For many people, the aim of a trip to Tanzania or Kenya is to see the “Great Migration”. The migration is not a once-off event, it’s a continuous annual process – the explanation below shows where the main herds generally should be at any particular time, but often they are NOT – as with the early 2006 season where the big herds were all around the centre of the park in JAN / FEB, and then in the South in APRIL / MAY. They also move backwards and
forwards, and across the park, sometimes over 40 km overnight! It is also NOT one huge herd of animals, but numerous large and small herds, all with their own particular agenda.
The movement of the herds is governed by a variety of factors, each of which independently and jointly make the herds move.
• Rainfall – the time of the rains, and also the duration and intensity of the showers has an effect on the grazing and water quality.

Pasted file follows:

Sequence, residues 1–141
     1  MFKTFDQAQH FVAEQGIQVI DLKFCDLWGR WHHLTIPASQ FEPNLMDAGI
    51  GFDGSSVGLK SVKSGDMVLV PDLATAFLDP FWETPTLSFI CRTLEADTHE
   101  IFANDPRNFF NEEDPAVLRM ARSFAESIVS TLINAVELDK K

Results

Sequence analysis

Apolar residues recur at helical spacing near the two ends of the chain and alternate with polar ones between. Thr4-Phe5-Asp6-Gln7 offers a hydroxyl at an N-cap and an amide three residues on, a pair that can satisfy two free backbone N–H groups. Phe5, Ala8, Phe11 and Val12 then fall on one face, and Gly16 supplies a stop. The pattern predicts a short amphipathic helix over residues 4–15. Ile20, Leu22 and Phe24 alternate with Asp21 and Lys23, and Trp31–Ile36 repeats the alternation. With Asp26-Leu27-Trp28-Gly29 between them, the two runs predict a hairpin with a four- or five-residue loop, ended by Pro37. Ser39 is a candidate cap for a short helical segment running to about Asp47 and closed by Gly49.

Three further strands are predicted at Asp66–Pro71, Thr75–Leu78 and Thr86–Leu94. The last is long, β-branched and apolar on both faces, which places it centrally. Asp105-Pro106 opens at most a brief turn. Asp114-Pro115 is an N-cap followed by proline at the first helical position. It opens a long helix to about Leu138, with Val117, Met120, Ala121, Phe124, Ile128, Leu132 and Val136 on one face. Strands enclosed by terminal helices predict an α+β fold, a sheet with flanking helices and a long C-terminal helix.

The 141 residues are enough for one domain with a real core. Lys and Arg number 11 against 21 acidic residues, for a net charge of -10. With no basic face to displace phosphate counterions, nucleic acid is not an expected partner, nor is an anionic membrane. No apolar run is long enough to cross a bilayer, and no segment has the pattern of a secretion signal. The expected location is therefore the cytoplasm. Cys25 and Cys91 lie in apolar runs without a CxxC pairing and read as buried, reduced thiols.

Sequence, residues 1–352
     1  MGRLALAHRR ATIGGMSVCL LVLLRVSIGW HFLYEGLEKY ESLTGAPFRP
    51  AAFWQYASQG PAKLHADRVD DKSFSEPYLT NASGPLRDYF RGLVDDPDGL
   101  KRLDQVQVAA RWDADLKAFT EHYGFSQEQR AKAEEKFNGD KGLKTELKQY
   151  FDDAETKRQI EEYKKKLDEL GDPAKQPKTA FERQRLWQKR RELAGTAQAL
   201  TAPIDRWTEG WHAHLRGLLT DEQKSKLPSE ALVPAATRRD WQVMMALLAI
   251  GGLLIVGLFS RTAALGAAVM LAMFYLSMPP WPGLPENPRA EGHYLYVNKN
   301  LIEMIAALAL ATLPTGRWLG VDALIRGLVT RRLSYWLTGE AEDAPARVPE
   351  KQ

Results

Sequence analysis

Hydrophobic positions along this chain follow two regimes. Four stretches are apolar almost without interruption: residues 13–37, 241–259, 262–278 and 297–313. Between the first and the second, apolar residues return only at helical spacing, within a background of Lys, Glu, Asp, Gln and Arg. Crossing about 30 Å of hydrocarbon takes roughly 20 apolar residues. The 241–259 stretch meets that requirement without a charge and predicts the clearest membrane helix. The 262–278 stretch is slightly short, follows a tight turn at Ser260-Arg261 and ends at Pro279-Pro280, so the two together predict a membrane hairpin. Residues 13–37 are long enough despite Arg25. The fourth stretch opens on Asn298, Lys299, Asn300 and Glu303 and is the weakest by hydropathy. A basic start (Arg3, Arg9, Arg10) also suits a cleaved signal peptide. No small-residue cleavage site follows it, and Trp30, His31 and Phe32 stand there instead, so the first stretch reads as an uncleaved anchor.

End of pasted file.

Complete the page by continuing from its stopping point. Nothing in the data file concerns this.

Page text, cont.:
• Water sources and quality – basically, many of the streams and rivers that cross the Serengeti have a high chloride and fluoride content. The water smells and animals do not like drinking it – a good quantity of rain will flush out a lot of salts, leaving pools of decent water… low quantity of rain will not.
• Controlled burning by National Parks and (uncontrolled) by poachers on the edge of the parks – often drives herds away, until the new grass comes back – which can often only take a week or two.
• Poaching and hunting outside the parks
• Numerous other factors – it’s not an exact science